Students from around the region, in the primary and high schools, sat for the National Assessment Program – Literacy and Numeracy (NAPLAN) tests from May 8 to 12.
With the Minister for Education’s announcement for Stronger Higher School Certificate (HSC) Standards reforms in July 2016, this year’s test have a different meaning for year nine students.
The NSW Education Standards Authority (NESA) has explained that students who do not attain the HSC minimum standard in NAPLAN by the time they leave school will receive a record of school achievement rather than a HSC.
Under the changes, students in year nine must reach a minimum standard of band eight to achieve their HSC in year 12.
After year nine, students under the minimum standard who want to graduate with their HSC will be provided ongoing literacy and numeracy online testing and teacher support in years 10, 11 and 12.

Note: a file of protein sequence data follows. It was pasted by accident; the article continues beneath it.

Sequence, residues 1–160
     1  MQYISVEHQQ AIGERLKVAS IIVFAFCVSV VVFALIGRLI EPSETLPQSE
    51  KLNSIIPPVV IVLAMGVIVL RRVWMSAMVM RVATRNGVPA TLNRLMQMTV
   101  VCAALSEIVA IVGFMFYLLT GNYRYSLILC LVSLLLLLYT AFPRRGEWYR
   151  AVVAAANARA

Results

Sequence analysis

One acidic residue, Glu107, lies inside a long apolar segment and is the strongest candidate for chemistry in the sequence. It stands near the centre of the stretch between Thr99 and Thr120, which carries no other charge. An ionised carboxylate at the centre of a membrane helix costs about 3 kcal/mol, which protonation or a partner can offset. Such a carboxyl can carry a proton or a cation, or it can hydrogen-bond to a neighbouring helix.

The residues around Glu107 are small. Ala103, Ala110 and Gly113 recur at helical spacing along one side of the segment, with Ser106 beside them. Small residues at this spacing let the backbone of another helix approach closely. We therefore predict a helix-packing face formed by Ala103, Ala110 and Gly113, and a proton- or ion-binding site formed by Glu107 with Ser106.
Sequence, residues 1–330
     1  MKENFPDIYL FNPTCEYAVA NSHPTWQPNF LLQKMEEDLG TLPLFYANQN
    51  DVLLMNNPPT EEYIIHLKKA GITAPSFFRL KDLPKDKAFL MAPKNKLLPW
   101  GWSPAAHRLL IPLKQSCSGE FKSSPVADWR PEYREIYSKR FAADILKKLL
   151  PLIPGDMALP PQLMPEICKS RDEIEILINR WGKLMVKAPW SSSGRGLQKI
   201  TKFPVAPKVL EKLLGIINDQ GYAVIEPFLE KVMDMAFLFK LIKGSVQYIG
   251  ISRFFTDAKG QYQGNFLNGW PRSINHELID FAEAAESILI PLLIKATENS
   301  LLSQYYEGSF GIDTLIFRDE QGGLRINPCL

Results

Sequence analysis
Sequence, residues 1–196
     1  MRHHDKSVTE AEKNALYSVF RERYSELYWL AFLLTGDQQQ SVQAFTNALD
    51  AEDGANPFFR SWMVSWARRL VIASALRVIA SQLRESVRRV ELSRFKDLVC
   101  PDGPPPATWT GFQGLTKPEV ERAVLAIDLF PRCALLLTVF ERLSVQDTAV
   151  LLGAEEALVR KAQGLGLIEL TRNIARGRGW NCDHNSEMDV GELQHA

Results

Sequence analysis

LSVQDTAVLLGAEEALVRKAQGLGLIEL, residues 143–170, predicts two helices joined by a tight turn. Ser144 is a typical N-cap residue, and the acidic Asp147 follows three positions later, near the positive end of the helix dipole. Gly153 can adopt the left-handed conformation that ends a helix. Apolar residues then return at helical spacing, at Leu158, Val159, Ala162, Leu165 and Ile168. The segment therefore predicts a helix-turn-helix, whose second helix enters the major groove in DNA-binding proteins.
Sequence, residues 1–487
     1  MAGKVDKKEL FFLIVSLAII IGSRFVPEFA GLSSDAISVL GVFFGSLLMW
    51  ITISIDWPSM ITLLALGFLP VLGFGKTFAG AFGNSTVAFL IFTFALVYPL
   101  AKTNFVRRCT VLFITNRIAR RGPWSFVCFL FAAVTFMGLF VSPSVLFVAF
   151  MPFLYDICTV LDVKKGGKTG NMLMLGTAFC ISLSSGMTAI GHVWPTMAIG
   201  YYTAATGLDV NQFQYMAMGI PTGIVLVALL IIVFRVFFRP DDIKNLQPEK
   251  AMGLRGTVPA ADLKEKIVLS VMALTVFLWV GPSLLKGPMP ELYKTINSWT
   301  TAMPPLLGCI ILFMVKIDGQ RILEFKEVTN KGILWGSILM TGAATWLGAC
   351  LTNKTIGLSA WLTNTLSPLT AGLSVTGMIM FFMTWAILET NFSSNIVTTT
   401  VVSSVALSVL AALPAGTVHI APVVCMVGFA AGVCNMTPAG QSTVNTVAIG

Students will have multiple opportunities to demonstrate they meet the standard, between year nine and the time they reach year 12.
“We know students learn at different rates and NESA expects that the majority of students will be sitting at least one of the new, short, online reading, writing and numeracy tests in years 10, 11 or 12,” a NSW Education Standards Authority (NESA) spokesperson said.
“The HSC minimum standard of literacy and numeracy is being introduced to help ensure that students leave school with the basic literacy and numeracy skills fundamental for life, and are able to communicate ideas effectively in all of their HSC exams.”
Regardless of plans beyond school, students need adequate reading, writing and numeracy skills to make sure they can do things like compare discounted goods, write a job application and follow written instructions to operate equipment safely, NESA said.
NAPLAN, introduced in 2008, is a national assessment for all students in years three, five, seven and nine, as a measure for whether or not student are meeting educational outcomes in literacy and numeracy.